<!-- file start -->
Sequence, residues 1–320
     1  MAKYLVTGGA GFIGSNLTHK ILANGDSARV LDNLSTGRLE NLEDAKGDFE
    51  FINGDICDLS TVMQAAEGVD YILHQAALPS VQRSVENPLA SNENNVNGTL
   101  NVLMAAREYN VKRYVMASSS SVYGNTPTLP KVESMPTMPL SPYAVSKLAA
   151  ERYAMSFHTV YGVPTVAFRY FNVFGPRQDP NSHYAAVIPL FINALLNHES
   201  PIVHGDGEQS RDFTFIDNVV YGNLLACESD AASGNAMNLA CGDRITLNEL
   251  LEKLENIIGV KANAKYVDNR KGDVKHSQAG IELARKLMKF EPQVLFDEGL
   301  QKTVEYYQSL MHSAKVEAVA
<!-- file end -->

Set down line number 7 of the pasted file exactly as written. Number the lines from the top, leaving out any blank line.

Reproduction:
   251  LEKLENIIGV KANAKYVDNR KGDVKHSQAG IELARKLMKF EPQVLFDEGL